I love your blog and use a recipe from it nearly everyday. Thanks for sharing everything and congrats on your beautiful boy!

  6. Ramona says

    I have a question about the how much yogurt your getting. One half gallon of milk is 64 oz. so how do you get 96 oz. of yogurt? I made this, LOVE IT, but only got 64 oz of yogurt including the whey. This makes sense to me, but was curious how yours seemed to ‘grow’.
    Is there potentially something wrong in my technique? BTW, I heated the milk in two quart jars in a water bath on the stove (less pouring and one less pot to really clean), mixed the milk and starter (plain Greek yogurt) like the recipe indicated, added it back, then added the rest of the starter, put lids on and shook well. I kept my jars in my roaster with a damp towel in the bottom for moist heat and it will maintain a constant low temp. Should I have taken the lids off?

  7. Cindy Barrington Alewine says

    My husband could have easily discovered this. He’ll eat anything as long as it looks old and gross. What does that say about my cooking? lol

  8. Stacey says

    I forgot to take the yogurt off at the 12 hour mark and didn’t get to it until the 16 hour mark. It smelled ok and tasted ok. Is it still good? It tastes a little like buttermilk. help! :) I put it in the fridge and tried a little. Hoping I don’t get sick. :)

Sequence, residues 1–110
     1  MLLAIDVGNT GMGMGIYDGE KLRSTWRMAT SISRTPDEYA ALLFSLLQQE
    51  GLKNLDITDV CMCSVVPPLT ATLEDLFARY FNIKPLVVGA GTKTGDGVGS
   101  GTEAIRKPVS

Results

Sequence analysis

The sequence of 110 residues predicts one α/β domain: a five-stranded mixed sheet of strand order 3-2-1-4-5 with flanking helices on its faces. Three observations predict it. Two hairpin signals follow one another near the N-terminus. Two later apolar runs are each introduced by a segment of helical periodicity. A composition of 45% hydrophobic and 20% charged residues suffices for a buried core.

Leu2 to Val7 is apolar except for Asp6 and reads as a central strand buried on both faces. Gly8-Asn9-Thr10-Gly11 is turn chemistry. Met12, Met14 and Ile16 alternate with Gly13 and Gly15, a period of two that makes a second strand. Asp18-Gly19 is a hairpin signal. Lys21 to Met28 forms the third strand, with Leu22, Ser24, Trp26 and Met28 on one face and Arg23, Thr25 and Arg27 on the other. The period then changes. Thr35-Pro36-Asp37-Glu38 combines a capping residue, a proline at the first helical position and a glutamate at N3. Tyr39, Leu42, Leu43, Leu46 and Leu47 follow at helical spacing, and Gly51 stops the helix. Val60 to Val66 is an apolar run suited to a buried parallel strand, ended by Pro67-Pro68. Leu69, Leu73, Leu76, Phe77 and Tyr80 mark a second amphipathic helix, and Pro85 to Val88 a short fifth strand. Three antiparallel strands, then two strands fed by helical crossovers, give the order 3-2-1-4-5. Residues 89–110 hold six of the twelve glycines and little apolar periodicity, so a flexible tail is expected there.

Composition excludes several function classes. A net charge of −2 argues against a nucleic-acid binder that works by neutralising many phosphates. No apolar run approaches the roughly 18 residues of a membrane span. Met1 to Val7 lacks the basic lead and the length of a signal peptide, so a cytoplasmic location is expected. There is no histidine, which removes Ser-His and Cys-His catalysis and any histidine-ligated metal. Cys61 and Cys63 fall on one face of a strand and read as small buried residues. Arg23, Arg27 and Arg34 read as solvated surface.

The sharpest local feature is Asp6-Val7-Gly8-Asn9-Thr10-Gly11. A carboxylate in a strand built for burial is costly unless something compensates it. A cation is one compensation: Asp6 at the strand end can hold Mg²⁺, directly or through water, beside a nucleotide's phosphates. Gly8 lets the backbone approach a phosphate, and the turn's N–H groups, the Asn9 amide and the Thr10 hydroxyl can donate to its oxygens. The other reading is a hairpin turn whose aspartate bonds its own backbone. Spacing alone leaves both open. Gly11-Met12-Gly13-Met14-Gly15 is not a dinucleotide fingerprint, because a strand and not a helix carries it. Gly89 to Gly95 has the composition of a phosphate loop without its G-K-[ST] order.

9. Sharon says

    The first batch I made, ended up very runny, so after draining the yogurt, I put the runny milky whey back in the crockpot and turned it back on for the 2.5 hours. Well, I didn’t get back home until the “whey” had been cooking for about 3.5 hours. Anyway, it looked horrible, but I went ahead & let it sit unplugged for a while…at which time it still looked horrible. I drained it again and lo and behold, I figured out (with the Internet’s help) that I had made curds and whey (shades of Little Miss Muffet here). It’s quite good in fact! So glad I didn’t just throw it all out!

  10. Celanie says

    I made this yesterday from fresh raw milk and was BLOWN AWAY at my amazing yogurt this morning in the crock! Let it go for 13 hours over night and it was perfect, hardly sour and a bit sweet! I used 1 quart cream and 1 quart whole milk and there was absolutely no straining necessary! It was so thick and creamy and only cost be $2.50 if I count the half cup of Greek yogurt for the culture I added! CAN’T THANK YOU ENOUGH for a recipe I finally don’t have to mess with pots and thermometers for!!!

  11. Sadie says